Toxic Utah: A land littered with poisons

Utah has paid high price for U.S. military might

Published: Monday, Feb. 12 2001 12:00 a.m. MST

Nolan Hill holds a picture of his parents, Gilbert Dean and Wantia Hill, at his home Dec. 1. Gilbert Hill worked at Dugway and died after accidental exposure to radiation.

Jason Olson, Deseret News

The Cold War was hot in Utah, though few realized it.

The government chose the remote, low-population state for secretive weapons tests that bombarded it with nerve gas, germ weaponry and radioactive fallout.

Oleta Nelson of Cedar City was among the thousands of unwitting civilian casualties in Utah.

Fallout from atomic bomb tests in Nevada — conducted by design of federal officials only when the wind was blowing toward Utah — killed her after 12 years of agony from brain cancer. The fallout hit not only southern Utah, but also the heavily populated Wasatch Front — a fact few suspect.

Another casualty was Ray Peck's family in Skull Valley. They were likely hit with low doses of the nerve gas from a Dugway Proving Ground test that accidentally killed 6,000 sheep near their home in 1968. The Pecks lived but haven't been the same since.

On the other hand, Rolland Bivens was a voluntary human guinea pig intentionally infected by germ weaponry in Utah's desert with other Seventh-day Adventists who had avoided combat duty as conscientious objectors. The same germ clouds that sickened him floated toward major highways and some small cities.

Much of the waste — and suffering — from Cold War tests and military work remains in Utah. New secretive military testing raises even more concerns.

And wastes from more conventional arms testing and training also litter vast areas of the state.

That's not a new story. It is one that has been closely watched and reported by the Deseret News for 25 years, with some cleanup and compensation for victims achieved. But an update now shows much remains undone.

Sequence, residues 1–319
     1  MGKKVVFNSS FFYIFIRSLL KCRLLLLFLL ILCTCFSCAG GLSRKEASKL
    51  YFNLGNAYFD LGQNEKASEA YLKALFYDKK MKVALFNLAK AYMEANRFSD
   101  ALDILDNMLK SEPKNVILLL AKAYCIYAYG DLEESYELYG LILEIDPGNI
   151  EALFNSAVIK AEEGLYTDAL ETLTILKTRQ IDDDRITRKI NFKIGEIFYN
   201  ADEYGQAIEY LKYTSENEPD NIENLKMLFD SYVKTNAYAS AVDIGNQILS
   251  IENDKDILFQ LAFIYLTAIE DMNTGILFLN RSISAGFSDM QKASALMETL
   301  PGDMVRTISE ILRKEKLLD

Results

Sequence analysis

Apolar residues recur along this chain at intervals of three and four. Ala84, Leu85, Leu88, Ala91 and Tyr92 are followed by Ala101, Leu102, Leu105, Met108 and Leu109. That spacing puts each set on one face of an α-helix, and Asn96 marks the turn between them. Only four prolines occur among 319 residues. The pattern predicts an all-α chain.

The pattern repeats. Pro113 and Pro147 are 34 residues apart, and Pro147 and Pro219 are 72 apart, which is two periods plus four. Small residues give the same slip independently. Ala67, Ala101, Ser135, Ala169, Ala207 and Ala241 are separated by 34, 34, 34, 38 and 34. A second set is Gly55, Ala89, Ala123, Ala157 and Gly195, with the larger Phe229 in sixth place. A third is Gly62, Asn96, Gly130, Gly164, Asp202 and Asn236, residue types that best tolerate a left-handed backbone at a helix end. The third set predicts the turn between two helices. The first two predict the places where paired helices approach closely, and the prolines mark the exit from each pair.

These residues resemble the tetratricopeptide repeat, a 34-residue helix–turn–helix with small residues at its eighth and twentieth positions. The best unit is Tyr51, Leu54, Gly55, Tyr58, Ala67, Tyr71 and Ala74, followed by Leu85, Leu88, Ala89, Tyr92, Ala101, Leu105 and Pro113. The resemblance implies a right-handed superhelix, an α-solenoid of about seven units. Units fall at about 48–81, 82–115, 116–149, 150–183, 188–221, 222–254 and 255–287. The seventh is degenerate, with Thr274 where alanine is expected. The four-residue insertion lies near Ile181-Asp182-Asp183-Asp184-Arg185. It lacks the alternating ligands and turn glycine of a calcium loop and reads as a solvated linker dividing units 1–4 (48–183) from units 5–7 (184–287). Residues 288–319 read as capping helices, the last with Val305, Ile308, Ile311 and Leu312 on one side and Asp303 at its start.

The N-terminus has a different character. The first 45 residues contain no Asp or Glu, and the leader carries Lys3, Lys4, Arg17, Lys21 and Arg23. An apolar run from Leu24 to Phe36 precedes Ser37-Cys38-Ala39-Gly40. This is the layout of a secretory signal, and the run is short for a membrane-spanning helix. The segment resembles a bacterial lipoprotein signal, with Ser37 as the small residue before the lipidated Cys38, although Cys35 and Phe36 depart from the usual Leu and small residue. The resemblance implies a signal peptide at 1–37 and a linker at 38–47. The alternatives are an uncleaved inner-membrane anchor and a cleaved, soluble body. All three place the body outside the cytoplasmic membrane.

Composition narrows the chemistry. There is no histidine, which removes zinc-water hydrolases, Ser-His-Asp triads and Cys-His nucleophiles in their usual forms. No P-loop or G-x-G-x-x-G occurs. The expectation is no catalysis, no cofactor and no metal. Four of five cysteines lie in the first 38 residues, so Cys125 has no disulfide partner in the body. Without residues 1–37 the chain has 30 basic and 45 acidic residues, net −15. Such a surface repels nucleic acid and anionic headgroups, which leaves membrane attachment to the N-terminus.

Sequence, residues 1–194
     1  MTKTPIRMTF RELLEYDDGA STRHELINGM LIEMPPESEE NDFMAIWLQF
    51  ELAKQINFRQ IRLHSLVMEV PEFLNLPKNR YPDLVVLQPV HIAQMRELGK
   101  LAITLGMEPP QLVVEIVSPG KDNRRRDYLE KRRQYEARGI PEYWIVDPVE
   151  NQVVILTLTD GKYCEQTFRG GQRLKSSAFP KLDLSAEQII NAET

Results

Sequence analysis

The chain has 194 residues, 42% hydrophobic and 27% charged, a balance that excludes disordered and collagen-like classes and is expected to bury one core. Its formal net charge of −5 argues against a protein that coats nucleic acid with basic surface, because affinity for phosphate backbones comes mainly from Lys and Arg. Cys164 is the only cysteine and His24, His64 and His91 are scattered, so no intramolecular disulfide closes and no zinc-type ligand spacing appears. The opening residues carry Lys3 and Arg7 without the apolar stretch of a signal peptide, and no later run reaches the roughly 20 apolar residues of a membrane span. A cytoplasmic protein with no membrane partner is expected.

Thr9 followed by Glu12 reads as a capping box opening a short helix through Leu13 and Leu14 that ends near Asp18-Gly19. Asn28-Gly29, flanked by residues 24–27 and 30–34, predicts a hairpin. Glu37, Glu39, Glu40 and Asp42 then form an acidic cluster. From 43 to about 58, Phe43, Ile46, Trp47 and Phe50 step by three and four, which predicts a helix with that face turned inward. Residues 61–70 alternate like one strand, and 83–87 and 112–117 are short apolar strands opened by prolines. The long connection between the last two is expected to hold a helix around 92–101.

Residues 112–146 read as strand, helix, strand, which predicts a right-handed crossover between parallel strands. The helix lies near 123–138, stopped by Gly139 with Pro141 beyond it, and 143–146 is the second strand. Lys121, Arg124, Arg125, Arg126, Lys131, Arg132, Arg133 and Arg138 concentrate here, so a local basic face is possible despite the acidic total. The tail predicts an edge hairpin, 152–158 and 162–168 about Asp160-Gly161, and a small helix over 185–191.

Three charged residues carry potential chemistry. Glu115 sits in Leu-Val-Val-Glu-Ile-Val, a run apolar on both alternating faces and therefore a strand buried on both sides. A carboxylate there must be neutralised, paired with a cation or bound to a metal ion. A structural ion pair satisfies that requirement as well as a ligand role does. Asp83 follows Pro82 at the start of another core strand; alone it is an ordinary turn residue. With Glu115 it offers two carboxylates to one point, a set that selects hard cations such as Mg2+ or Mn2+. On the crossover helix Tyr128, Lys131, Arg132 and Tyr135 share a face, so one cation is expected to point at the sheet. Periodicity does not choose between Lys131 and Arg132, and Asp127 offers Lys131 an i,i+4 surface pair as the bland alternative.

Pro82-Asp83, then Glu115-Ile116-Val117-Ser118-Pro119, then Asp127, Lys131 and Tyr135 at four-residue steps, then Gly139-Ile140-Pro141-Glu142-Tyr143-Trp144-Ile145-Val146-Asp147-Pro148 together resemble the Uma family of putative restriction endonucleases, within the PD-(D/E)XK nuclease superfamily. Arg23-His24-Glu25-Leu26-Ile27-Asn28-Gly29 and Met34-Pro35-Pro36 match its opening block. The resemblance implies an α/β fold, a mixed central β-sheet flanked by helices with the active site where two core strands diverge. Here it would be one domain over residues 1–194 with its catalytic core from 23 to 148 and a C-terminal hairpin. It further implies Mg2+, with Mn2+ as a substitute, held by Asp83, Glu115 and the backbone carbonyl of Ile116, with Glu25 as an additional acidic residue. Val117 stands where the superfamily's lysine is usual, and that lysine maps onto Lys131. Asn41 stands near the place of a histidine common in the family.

Energy Department records show the Nevada Test Site conducted 141 tests of atomic bombs that likely spread radiation toward Utah — just a portion of the 930 tests (both above and below ground) conducted there through 1992.

The bomb tests are the only class of Cold War weapons testing that the government has acknowledged likely killed or sickened civilians downwind. But it acknowledges that fact for only a small portion of people who think they are victims.

For example, studies show significant fallout from tests not only hit southern Utah, but also heavily populated Salt Lake County — and even every county in America. Congress never made these areas eligible for compensation, in part, because it simply would be too expensive.

As of Nov. 15, Justice Department figures show 7,138 "downwinders," uranium workers and Nevada Test Site workers with claims settled — but 3,574 (30 percent) were rejected.

The case of Oleta Nelson demonstrates how many victims had to wait for the government to acknowledge fault and offer compensation — and why many may never receive it.

Isaac Nelson, her husband, remembers that neighbors called them outside on May 19, 1953, to watch a fallout cloud. It was from an atomic bomb test later nicknamed "Dirty Harry" because of its heavy fallout. They didn't worry because the government falsely told residents it was safe.

Later that night, Oleta Nelson suffered a headache that would pound for six months. A few weeks later, she would scream when much of her hair simply slipped off her scalp. She would soon develop brain cancer and die 12 years later.

Isaac Nelson joined early lawsuits seeking to make the government acknowledge that fallout caused such deaths and to pay for it. But judges ruled the government was immune from suits for actions it made for national defense.

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